rediff.com

NewsApp (Free)

Read news as it happens
Download NewsApp

Available on  

Rediff News  All News 
Rediff.com  » News » Time to drastically overhaul our Kashmir policy

Time to drastically overhaul our Kashmir policy

August 09, 2010 17:24 IST

Because Indian Kashmiris have not allowed peace a chance in 60-plus years despite thousands of crores of taxpayers' money wasted on mollycoddling them and despite their being accorded a special status under Article 370, the time may have come to totally overhaulĀ our Kashmir policy, suggests Virendra Kapoor.

It is Kashmir once more. A very indulgent Centre and a clueless Omar Abdullah have together messed up the situation yet again, playing straight into the hands of the anti-nationals and other malcontents in the Valley.

If the truth be told, Omar Abdullah lacks the administrative acumen and the requisite mental and physical stamina to handle a difficult state like Jammu and Kashmir. He was okay as a junior minister in the central government, but being in-charge of a state government is a different ball game altogether. The sooner he is eased out of the Srinagar secretariat, the better it will be for taming elements fomenting anarchy in Kashmir.

Frankly, even his father Farooq Abdullah was no great shakes as an administrator. Yet he was better than his inexperienced son whose mishandling of the situation has emboldened the pro-Pakistan groups further to create mayhem in the Valley. Never before in the long history of the Kashmir conflict have so many women and young children been pushed to the forefront of the strife as has happened in recent weeks, thanks to the ineptitude of the chief minister who would rather party with friends and family than attend to the urgent matters of the beleaguered state.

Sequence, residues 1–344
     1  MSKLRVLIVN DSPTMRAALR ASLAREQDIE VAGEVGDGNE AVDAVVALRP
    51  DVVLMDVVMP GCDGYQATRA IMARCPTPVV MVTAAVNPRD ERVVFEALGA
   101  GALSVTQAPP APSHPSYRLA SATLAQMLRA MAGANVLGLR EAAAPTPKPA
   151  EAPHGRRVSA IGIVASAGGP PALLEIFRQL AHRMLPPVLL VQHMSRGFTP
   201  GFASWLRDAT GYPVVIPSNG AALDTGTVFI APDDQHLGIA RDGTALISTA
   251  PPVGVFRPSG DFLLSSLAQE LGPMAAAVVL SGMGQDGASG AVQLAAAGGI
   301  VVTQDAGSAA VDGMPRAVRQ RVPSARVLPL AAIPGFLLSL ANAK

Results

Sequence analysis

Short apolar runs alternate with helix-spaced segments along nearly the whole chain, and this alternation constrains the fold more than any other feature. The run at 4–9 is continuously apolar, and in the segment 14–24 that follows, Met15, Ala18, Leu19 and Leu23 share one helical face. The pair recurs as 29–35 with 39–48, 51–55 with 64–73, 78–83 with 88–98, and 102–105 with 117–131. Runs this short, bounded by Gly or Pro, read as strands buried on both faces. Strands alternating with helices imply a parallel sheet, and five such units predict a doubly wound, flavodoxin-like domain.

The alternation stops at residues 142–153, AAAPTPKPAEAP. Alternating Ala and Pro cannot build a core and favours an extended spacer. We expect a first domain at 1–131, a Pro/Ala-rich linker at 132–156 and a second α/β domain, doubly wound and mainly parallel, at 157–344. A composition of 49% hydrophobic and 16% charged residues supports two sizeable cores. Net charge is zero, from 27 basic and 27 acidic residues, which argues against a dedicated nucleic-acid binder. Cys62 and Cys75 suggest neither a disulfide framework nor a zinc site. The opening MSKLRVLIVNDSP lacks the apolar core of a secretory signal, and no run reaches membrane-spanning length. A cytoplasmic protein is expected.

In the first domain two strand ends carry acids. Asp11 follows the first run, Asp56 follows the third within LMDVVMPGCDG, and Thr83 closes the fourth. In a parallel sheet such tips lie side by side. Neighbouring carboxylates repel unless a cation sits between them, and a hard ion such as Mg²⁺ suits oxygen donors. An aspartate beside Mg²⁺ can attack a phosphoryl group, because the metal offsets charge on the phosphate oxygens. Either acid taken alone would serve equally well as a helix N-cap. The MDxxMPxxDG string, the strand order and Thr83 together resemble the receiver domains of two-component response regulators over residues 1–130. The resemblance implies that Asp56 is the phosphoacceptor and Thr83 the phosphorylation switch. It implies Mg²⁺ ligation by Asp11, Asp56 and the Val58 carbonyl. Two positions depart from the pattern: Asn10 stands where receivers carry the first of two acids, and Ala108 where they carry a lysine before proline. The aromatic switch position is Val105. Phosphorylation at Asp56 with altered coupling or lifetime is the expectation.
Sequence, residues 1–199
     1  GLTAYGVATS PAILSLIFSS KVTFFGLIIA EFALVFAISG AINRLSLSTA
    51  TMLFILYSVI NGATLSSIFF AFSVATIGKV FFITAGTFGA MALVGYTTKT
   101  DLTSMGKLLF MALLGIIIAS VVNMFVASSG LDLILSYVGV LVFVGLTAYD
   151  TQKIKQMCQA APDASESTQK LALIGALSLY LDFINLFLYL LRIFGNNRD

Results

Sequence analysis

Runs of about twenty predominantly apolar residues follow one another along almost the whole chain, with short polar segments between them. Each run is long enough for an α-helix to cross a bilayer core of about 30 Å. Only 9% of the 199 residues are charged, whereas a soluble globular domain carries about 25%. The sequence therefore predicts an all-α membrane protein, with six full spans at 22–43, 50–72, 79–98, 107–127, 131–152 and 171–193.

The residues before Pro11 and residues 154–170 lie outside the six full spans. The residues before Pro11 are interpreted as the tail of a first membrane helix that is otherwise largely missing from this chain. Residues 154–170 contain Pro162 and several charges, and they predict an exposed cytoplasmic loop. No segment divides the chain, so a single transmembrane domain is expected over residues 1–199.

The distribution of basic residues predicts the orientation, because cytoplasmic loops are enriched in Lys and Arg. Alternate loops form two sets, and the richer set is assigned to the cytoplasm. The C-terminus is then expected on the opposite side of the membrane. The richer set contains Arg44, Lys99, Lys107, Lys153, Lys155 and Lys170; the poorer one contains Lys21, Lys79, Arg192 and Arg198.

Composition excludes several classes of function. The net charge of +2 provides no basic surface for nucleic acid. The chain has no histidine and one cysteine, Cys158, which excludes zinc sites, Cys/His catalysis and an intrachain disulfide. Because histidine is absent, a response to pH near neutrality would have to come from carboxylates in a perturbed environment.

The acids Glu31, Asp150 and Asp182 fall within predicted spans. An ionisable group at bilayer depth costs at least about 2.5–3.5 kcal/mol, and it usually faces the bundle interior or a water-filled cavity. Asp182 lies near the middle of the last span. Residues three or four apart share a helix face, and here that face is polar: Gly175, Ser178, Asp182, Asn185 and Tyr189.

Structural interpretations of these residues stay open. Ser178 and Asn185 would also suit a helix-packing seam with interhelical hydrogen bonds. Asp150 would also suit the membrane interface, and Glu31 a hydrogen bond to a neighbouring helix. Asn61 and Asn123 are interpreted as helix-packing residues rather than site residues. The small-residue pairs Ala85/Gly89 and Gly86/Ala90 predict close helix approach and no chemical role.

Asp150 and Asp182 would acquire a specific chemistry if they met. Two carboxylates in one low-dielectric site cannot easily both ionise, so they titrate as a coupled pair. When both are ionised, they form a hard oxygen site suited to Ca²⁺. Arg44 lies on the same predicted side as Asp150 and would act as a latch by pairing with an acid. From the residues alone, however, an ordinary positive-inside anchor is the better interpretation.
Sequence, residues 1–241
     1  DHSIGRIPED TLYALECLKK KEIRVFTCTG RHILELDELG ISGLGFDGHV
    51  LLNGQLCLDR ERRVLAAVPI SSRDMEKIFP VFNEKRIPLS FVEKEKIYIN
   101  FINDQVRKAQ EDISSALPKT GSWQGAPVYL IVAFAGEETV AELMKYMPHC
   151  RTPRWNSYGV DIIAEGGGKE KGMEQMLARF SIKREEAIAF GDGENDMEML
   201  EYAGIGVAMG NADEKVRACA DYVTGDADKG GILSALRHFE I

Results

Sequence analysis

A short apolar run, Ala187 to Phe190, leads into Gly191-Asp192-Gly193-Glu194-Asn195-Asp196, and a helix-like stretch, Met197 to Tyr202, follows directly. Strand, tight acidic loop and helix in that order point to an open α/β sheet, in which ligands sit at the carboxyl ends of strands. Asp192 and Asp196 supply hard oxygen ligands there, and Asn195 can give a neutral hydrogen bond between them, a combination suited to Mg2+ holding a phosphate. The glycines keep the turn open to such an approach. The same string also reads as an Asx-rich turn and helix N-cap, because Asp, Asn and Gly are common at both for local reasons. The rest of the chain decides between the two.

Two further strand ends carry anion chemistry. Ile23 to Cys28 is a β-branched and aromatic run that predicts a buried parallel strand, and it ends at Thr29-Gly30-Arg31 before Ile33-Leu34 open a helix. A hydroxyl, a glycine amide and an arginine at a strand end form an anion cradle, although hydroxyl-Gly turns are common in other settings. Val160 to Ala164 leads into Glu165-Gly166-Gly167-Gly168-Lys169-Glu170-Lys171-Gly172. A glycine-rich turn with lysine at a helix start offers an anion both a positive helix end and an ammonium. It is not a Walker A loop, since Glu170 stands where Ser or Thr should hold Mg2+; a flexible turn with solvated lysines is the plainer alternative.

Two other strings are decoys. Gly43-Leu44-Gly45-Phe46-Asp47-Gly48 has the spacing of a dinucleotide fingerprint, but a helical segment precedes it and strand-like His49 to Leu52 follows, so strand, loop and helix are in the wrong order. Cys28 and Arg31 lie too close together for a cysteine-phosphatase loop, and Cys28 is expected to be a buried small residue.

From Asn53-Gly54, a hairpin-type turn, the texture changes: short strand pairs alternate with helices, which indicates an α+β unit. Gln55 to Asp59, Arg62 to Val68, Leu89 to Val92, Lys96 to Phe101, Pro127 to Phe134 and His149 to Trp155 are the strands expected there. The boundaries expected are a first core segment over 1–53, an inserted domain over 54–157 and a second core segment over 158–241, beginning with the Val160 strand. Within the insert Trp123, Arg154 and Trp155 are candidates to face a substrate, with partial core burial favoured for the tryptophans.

Admittedly, the Inter Services Intelligence-fuelled insurrection seems to have changed tactics, what with young lumpen being made to target security forces so that the latter feel obliged to respond in self-defence. The cycle of provocation and the resulting counter-measures by the security forces have brought life in large parts of Kashmir to a standstill. Some 2,000-odd security personnel are now being treated for wounds caused by the stones thrown by school-going kids. The ISI might have borrowed the tactics Hamas uses against Israelis in Gaza in the name of 'Intifada', but wasn't it for the J&K government to ensure that it does not fall into that open trap?

Unfortunately, the young Abdullah would rather fiddle like Nero than devote his time and energies to the care of the state of which he is the chief administrator. It is notable that when the current round of hostilities began, Abdullah was holidaying with his family and friends away from Srinagar and did not bother to immediately take charge of the situation.

Indeed, the way the situation has worsened in recent days, no patchwork solution can succeed in restoring durable peace. Of course, there will be pontificators galore who would want the prime minister to make a grand gesture, to go to Srinagar and personally apply the proverbial balm on the imaginary wounds of Kashmiris. But all this has been tried umpteen number of times and most rudely rejected by the very Kashmiris whom successive governments in New Delhi have always sought to mollycoddle.

So, ideally, the next step should be to wait for a semblance of calm to be restored, and, rest assured, it will be when the trouble-makers feel the need to take a break from disruptive activities. At that stage, the Centre should seriously consider a change of guard in Srinagar. Being young, it should be noted, is neither a guarantee of a fresh approach nor, for that matter, of a sensible handling of men and matters.

In the case of Abdullah Jr, he has let down all those who had hoped that he would succeed where older politicians, including his father, had failed to heal the rift in Kashmir. If Rahul Gandhi had pushed Omar Abdullah into taking the CM's job in the belief that it would usher in the era of youth in Indian politics, his gambit seems to have failed.